The Pico/Olympic “one-way pair” proposal came to town last week when Transportation Planner/Engineer Allyn Rifkin, the author of the “Initial Feasibility Report” commissioned by County Board of Supervisors Chairman Zev Yaroslavsky, spoke to – and listened to – a large roomful of Santa Monicans at the Ken Edwards Center on Thursday evening, July 12.
The proposal is to convert Pico and Olympic boulevards to a “pair” of one-way streets (Pico westbound and Olympic eastbound) so as to improve the combined vehicle-carrying capacity by as much as 20.5 percent. Actually – as Rifkin is the first to point out – neither street would be truly one-way, as each would have five lanes in the dominant direction and two “contra-flow” lanes in the opposite direction so that busses, designated van-pools and emergency vehicles could move in both directions on each street.
(Local traffic could use contra-flow lanes in off-peak hours, but that – and other – details get very complicated.)
Last Thursday evening, Lucy Dyke of the Santa Monica Transportation Management Division introduced Rifkin and chaired the ensuing dialog. Rifkin explained that Pico and Olympic now carry a combined 106,000 cars per day – fully half the number on the Santa Monica Freeway, one of the most heavily traveled roadways in the nation. As one-way (or dominantly one-way) boulevards, they could move more cars more quickly because of the reduction or elimination of left-hand turns, the synchronization of traffic signals in a single direction and other traffic economies.
He recognized that there were difficulties involved: how to engineer the snarl that would result at the end of the one-way stretch, which could be at Centinela Avenue if Santa Monica chose not to participate; what to do about the raised and landscaped medians on the Santa Monica portion of the boulevards if the City did choose to participate; how to predict and address the prospect of “cut-through” traffic on residential streets between the boulevards that concerns residents all along the route; where does Beverly Hills – which controls a strategic stretch of Olympic – stand in the plan (the city is still studying the idea).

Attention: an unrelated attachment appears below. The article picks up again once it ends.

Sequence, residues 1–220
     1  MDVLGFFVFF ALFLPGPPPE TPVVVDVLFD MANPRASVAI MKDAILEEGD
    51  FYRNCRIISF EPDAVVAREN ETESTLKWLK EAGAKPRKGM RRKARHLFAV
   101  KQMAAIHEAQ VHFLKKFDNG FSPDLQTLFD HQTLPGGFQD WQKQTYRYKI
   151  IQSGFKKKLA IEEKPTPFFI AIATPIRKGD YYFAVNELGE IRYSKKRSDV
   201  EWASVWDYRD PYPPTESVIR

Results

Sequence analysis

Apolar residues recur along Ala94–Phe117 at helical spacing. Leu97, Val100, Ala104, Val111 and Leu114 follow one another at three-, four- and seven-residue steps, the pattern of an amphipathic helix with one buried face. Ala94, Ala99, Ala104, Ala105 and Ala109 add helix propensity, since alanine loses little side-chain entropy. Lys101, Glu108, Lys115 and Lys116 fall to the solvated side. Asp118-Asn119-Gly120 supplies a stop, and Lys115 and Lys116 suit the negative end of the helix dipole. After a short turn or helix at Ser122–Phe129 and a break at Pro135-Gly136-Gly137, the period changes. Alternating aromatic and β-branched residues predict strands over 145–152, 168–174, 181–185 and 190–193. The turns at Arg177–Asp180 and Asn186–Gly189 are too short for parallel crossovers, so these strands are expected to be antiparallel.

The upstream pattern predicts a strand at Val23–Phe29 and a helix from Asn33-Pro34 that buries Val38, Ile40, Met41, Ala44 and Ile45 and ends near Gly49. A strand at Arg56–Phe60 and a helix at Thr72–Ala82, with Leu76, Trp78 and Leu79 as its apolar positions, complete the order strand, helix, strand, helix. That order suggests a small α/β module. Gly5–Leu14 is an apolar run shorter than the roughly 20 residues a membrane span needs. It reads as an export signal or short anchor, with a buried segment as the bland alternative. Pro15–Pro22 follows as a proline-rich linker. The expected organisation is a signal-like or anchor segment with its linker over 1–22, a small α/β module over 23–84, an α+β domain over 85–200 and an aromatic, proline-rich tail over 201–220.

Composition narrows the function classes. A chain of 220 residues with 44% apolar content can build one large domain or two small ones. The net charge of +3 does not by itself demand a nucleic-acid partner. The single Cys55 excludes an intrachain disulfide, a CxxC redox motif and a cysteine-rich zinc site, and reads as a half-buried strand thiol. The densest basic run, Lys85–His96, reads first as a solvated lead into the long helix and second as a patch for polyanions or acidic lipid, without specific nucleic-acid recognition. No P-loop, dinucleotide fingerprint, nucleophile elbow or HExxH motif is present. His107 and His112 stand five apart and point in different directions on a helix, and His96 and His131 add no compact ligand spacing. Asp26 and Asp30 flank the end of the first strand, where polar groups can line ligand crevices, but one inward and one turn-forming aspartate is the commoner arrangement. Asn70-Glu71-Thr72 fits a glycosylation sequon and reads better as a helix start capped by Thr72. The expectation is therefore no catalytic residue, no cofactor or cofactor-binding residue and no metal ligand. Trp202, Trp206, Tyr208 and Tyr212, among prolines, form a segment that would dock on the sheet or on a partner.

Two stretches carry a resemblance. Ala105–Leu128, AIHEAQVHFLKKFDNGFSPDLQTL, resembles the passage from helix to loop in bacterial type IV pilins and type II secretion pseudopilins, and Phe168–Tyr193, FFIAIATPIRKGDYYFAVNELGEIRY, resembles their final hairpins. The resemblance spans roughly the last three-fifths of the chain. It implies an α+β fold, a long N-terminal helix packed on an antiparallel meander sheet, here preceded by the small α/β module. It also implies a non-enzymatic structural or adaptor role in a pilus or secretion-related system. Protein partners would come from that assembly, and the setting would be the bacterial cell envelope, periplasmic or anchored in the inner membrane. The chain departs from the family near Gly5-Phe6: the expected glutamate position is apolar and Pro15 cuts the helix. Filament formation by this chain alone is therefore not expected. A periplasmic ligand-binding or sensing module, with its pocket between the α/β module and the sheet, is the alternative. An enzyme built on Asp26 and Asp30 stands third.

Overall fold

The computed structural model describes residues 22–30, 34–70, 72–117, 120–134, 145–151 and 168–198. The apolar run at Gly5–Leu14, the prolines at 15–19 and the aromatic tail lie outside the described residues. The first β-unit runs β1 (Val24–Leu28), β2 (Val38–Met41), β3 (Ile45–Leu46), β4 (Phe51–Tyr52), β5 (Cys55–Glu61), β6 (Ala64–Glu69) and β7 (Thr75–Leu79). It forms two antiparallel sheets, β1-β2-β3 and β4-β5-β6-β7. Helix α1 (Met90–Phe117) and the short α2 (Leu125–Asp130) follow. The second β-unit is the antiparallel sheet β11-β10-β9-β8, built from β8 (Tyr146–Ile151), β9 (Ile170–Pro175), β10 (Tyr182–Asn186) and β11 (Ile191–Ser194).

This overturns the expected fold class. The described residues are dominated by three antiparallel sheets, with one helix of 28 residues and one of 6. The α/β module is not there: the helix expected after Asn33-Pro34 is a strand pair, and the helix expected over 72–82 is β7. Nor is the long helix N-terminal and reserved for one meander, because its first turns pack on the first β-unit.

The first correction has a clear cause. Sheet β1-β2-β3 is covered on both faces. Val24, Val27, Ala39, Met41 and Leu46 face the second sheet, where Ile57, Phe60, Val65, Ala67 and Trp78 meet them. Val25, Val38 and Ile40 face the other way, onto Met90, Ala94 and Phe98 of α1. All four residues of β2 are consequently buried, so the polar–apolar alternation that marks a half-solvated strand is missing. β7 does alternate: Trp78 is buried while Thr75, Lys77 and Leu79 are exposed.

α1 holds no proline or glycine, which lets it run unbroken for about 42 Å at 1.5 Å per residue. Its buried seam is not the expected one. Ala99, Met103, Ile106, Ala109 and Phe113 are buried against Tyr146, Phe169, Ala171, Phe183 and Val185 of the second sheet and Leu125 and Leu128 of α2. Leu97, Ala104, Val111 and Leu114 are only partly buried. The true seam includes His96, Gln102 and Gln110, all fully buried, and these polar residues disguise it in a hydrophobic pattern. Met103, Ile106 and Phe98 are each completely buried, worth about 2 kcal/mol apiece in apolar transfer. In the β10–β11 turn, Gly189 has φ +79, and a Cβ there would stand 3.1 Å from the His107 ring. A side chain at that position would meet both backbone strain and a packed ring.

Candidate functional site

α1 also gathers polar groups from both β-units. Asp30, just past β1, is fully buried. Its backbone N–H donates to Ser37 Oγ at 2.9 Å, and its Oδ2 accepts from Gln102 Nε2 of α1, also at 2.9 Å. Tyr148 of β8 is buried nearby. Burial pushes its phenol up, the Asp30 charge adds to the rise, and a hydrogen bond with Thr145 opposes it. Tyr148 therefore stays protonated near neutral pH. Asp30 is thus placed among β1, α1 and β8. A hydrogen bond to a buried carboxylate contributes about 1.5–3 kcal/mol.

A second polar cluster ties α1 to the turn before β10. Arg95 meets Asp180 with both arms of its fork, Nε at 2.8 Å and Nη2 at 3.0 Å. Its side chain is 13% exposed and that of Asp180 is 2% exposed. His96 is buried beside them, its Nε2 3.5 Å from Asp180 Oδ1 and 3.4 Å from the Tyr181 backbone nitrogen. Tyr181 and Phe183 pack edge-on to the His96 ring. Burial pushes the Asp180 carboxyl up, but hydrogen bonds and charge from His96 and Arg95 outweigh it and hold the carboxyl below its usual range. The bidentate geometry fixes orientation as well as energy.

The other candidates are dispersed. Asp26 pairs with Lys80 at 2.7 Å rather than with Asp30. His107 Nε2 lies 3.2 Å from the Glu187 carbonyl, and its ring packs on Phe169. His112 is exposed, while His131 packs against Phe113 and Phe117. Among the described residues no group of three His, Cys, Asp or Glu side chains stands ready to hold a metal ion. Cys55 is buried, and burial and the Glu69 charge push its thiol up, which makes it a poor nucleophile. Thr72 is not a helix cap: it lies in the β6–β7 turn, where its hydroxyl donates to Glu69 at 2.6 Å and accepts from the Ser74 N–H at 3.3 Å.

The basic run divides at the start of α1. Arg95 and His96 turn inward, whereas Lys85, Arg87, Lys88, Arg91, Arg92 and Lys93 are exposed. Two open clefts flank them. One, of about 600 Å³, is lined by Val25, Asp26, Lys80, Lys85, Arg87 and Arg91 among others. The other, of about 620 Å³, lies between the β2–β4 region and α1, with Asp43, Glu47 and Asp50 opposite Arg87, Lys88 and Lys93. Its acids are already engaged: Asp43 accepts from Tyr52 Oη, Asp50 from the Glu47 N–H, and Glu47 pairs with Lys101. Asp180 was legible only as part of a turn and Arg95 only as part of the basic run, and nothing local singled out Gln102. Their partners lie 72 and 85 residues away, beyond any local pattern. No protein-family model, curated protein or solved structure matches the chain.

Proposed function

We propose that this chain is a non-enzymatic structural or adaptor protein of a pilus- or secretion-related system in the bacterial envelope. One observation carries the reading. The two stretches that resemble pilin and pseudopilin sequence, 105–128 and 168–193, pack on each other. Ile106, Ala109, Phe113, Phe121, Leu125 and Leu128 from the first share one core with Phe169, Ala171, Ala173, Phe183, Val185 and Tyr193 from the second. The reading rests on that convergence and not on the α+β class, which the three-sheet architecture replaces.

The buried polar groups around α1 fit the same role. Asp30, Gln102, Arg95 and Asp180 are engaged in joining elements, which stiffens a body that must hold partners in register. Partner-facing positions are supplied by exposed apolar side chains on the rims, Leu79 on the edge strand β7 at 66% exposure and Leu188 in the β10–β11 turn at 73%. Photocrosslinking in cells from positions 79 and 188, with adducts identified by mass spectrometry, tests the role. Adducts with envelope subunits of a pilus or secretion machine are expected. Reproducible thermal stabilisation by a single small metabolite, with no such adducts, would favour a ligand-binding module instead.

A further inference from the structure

Of course, even Los Angeles hasn’t yet signed on.
The “reversible lane” device is simply not an option, Rifkin said. Before the Santa Monica Freeway opened in 1966, when many people lived on the Westside and worked in downtown LA, cone-type markers were placed on Olympic so that more lanes ran toward downtown LA in the morning and more lanes ran west in the evening. But the traffic along the corridor today does not follow such a dominant-direction pattern. With all the people living east of Beverly Hills as far as the San Gabriel Valley and beyond, and working at employment centers in Century City, Westwood/UCLA and Santa Monica, for example, the traffic runs heavy in both directions during both rush hours.
And then Santa Monicans weighed in. How will all the westbound traffic on Pico be absorbed? How will this affect local businesses on Olympic and especially Pico that depend on two-way traffic for patronage? What is the cost of implementation versus the duration of benefit? (Re cost, Rifkin said he figures tens of millions for this, hundreds of millions for [Expo Line] light rail and billions for the “subway to the sea.”) Why Pico west and Olympic east? (Answer: to set up a clockwise rotation featuring right turns rather than left, but considering the westbound terminus of Olympic, that might have to be re-thought if Santa Monica joins the plan.) What’s the impact on neighborhood centers in the Pico area and the $7 million streetscape improvements on Pico?
And the interesting point was made that Santa Monica is the only stretch of this corridor where the Santa Monica Freeway runs between Pico and Olympic – it’s “like a river that divides the community, and this proposal increases that,” one resident said. And so on – a potpourri of remarkably thoughtful comments, on the whole.
It was announced at earlier community meetings sponsored by Los Angeles Councilmembers Jack Weiss and Bill Rosendahl that the LA Department of Transportation is due to report to the LA City Council by July 25 with a statement of its take on the proposal. And Rifkin’s “Initial Feasibility Report” clearly recommends more studies. And Beverly Hills and Santa Monica are studying the matter. Suggestions were made at the July 12 meeting that it all be coordinated in Santa Monica with the Land Use and Circulation Element of the City plan.